Many BoE records are availabel to members of the public. This is supposed to help keep elections honest. Any member of the public can examine BoE records (for example, contribution records or petitions) and thus discover improperiety. The system works terribly. Many members of the BoE staff improperly resist and rebuff persisstent requests for records (for example, by lying that records are in a different office).

    3. What happens to the purchase price of judgeships?

      1. Introduction

        By the way, there is a question of what happens to money paid to buy New York City judgeships and other government offices. What happens to the bribe money? We do not know. The remainder of this paragraph is largely a guess in the form of a hypothetical examples. Let's say that a lawyer who lives in Brooklyn wants to become a judge in Brooklyn. The lawyer talks to a fixer closely related to Brooklyn Democrats. The chairman of KCC (Kings County Committee of the Democratic Party) then authorizes sale of the desired judgeship to that lawyer. Not all political entities have to report political contributions they receive. Political parties have to report contributions. Candidates often authorize committees to collect contributions. Those authoized committees have to report. There are political entities which have no duty to report contributions they receive. The lawyer is told to which political entitites he should contribute. He contributes to them. Most lawyers contribute using their lawyer firm's checking account or their personal checking account. The price is normally three times the judgeship's annual salary rounded off (to the nearest hundred thousand dollars, for example). We guess that the bribe is rounded because it might be embarrassing for a defendant to explain why someone paid precisely three times a judge's annual salary before bing nominated for a judgeship by the party receiving the payment. The lawyer is told that the amount he should pay was rounded down from a higher amount.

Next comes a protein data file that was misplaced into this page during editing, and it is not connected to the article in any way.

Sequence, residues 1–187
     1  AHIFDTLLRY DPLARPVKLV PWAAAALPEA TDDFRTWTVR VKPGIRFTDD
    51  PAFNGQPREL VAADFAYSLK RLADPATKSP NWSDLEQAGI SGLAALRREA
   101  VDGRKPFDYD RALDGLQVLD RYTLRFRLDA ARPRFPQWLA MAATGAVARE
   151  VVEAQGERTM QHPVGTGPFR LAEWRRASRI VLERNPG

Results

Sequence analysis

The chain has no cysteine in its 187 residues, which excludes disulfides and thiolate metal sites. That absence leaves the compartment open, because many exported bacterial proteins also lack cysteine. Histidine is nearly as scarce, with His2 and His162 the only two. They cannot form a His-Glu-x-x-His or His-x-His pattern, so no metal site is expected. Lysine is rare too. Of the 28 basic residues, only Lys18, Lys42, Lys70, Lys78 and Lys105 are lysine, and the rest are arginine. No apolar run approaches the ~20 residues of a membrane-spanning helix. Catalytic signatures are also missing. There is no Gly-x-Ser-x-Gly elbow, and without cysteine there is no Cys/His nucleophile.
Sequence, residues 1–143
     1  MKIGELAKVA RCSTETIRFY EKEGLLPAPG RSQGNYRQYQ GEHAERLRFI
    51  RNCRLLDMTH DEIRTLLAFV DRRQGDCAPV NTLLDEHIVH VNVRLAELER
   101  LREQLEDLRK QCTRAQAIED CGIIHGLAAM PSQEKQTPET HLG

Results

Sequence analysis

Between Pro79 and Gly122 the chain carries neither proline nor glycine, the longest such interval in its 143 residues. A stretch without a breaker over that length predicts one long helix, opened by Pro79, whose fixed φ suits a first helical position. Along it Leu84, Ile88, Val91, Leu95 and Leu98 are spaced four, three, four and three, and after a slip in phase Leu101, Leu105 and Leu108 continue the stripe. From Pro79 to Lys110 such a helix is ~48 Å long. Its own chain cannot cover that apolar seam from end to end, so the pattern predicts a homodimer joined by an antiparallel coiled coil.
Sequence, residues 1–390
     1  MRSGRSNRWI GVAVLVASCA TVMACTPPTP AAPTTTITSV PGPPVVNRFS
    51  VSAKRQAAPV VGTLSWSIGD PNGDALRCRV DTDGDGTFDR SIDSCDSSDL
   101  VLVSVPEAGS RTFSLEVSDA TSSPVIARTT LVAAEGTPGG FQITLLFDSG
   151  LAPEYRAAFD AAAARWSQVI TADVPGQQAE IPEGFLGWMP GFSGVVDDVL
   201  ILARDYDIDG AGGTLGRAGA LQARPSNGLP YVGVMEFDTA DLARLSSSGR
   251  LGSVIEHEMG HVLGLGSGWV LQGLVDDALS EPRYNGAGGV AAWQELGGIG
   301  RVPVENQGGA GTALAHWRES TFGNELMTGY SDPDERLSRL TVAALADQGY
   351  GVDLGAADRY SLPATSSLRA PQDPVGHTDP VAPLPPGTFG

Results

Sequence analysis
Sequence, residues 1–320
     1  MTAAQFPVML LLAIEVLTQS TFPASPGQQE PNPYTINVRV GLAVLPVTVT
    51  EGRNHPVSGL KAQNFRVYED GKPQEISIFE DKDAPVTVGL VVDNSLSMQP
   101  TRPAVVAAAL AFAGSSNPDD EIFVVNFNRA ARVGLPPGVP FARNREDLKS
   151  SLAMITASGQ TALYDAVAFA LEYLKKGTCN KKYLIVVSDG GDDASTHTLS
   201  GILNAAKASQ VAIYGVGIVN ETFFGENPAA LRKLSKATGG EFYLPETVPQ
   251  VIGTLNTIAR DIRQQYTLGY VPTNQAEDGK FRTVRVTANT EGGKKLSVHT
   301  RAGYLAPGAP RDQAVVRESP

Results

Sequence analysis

Banks have records of check transactions. If twenty judges each earned $111,000.00 annually in their first year on the job, each paid $300,000.00 for his judgehsip, as shown by bank records of checking accounts of the judge (when he was a lawyer) and of his former law firm. He does not make one payment of the entire purchase price (namely, $300,000.00). He does not make many consecutive payments. For example, he does not write out thirty checks in a row, each for ten thousand dollars, then simultaneously mail them all, each in a separate envelope. The payments are made in varying amounts in a brief period, perhaps about a month.

      2. Entity which receives the contribution